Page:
There is an article on this subject in the current (Jan/Feb) issue of
Creative Machine Embroidery. It suggests that the item being
embroidered on be smooth with an even surface (no slub yarns, etc.).
Use a ballpoint needle. Don't hoop the item - instead hoop the
stablizer and use spray adhesive. Most designs are suitable for use,
however, outline details or designs that are mostly outline, are
likely to get lost in the yarn nap. So if you use an outline design,
go over the stitches more than once.. Match embroidery threads to
yarn fibers, i.e. synthetic to synthetic, cotton to cotton, etc.
There is other information and a pattern for a crocheted cell phone
case, so I'd suggest trying to find it if you can. :-)
I did a few designs on knitted fabric, that didn't turn out right, but then
I put some iron on stabilizer on the back of the fabric, then put the tear
away stabilizer under that or even under the material in the hoop and it did
alright. it would be better to use a sticky stabilizer and press the
material onto it, but if you don't have it, then just try that way, but you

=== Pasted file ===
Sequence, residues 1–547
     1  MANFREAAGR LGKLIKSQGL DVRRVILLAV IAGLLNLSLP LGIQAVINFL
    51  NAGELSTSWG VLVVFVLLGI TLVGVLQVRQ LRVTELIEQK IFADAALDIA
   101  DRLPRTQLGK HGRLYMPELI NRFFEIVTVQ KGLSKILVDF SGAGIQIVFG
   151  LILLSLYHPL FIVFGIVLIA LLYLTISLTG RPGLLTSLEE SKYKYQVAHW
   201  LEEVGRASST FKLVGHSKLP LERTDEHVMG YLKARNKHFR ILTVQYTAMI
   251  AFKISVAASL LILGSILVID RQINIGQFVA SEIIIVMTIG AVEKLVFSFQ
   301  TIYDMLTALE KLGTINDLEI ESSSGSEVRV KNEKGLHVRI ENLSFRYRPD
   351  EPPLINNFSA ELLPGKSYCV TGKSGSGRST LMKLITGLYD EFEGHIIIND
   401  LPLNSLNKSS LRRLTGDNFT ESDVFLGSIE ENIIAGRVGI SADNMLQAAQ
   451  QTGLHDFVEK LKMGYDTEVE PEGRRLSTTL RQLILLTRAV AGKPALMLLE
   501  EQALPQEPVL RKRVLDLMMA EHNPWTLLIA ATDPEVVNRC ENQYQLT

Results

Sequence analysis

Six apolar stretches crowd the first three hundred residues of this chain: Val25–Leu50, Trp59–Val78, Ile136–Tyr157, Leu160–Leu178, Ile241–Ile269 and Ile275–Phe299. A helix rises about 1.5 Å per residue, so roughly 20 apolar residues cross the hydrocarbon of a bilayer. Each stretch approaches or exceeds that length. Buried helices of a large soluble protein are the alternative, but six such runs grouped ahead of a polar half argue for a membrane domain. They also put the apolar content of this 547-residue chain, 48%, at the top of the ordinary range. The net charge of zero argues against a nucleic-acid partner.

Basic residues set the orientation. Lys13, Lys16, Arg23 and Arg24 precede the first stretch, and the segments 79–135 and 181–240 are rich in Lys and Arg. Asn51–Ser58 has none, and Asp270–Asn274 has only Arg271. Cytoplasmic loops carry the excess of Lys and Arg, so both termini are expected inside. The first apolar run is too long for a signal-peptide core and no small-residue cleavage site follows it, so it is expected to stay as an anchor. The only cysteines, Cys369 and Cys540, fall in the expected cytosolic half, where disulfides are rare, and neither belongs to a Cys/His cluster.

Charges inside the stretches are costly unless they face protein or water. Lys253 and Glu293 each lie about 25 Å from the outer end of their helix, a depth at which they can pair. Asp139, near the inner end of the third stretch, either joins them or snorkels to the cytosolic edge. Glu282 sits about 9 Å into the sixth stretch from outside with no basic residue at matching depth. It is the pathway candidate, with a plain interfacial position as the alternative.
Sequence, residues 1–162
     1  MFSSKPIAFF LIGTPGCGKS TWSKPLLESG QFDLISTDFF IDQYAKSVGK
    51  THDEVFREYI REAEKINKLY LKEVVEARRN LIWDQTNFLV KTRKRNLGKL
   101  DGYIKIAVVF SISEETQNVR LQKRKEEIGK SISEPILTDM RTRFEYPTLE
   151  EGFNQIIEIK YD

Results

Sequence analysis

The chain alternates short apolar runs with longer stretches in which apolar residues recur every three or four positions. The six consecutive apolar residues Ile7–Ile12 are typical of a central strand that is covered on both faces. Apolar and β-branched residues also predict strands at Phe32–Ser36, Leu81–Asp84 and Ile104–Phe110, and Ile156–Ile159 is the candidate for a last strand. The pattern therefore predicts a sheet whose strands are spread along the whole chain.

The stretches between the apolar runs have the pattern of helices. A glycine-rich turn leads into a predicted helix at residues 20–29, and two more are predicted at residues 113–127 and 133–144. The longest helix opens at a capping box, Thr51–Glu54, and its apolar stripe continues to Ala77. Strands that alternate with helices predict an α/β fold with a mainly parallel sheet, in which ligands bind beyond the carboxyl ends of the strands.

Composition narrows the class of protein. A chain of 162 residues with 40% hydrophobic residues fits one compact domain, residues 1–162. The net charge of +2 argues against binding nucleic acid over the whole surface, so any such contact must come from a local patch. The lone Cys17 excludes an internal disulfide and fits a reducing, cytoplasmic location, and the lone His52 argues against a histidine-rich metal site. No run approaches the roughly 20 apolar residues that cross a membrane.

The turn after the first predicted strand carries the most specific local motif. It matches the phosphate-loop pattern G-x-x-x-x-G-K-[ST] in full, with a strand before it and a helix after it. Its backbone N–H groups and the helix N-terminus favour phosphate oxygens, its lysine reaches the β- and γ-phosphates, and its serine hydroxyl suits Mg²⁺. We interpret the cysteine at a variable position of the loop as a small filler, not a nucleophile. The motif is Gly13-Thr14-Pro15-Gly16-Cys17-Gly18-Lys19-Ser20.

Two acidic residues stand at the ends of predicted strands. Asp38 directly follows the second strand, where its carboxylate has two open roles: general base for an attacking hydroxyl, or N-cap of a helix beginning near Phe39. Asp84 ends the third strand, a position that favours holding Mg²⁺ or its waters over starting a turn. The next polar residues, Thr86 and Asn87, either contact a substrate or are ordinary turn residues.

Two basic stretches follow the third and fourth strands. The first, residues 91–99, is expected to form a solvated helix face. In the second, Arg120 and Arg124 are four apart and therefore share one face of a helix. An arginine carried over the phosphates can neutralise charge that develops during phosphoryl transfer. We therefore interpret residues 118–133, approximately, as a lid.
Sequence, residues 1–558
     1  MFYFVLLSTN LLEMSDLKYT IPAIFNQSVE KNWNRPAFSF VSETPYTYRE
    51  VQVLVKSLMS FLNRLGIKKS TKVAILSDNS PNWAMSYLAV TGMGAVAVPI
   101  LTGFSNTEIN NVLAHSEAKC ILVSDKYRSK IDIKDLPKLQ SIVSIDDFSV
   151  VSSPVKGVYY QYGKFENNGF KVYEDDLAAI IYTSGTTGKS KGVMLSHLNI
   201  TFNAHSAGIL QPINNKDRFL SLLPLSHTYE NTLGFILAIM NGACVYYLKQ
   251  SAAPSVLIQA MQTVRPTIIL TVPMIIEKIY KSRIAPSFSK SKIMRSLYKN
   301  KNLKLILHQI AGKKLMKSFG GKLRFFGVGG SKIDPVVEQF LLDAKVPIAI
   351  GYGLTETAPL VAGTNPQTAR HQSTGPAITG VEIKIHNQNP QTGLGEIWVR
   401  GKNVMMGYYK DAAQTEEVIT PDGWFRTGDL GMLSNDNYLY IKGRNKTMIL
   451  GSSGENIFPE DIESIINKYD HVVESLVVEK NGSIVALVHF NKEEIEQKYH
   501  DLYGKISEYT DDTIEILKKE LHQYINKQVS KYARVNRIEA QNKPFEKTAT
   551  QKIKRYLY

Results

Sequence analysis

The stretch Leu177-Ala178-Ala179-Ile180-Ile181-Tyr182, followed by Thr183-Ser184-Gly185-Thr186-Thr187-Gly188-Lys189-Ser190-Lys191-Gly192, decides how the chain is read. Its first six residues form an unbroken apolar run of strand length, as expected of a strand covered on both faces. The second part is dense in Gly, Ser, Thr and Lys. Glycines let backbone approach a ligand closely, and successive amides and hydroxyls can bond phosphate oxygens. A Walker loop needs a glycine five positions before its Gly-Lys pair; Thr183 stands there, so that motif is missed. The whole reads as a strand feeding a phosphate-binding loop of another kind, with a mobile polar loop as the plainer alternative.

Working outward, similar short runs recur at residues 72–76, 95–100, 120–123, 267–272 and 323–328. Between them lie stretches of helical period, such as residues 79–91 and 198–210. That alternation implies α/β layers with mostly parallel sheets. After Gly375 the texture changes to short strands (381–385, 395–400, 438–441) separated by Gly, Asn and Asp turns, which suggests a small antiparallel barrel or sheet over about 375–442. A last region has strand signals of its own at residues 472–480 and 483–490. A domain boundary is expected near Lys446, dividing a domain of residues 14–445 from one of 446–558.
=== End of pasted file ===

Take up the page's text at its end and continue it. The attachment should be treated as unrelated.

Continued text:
do have to press the item of clothing after done with the embroidery, as the
hoop will leave an impression. I did it that way, and it turned out ok.
good luck...Maine-iac Rose
I had a sweater for my dad I wanted to embroider. I dissolved some scraps
of water soluble stabilizer and then 'painted' the area with it. I really
made it wet. Then I let it dry completely then stabilized it top and
bottom. It turned out good.
I have done this several times on hand-knitted garments for my
Hoop cutaway stabilizer not the garment. I then use baste in the hoop which
I put around the design in Embird...open in Editor...click on Insert....then
basting stitches. I also use Solvy (wss) on top and away you go!
This of course greatly depends on the weight and stretch of your material
and your stitch count and density
Without stretching you knit too much - what you want to achieve is a
"tambourine skin": type tension in your hoop in order to achieve proper
registration & definition
Therefore use a "Wet laid" non directional dense , soft cutaway -one layer
of the proper weight
cutaway has longer fibers than tearaways allowing the threads to graspbetter and tighter
If you do NOT want to see the backing
Then try the "no show" mesh
Further if you want to eliminate adhesive sprays or basting
you can try the fusible iron on mesh
Please feel free to e-mail me off list for samples for your own tests.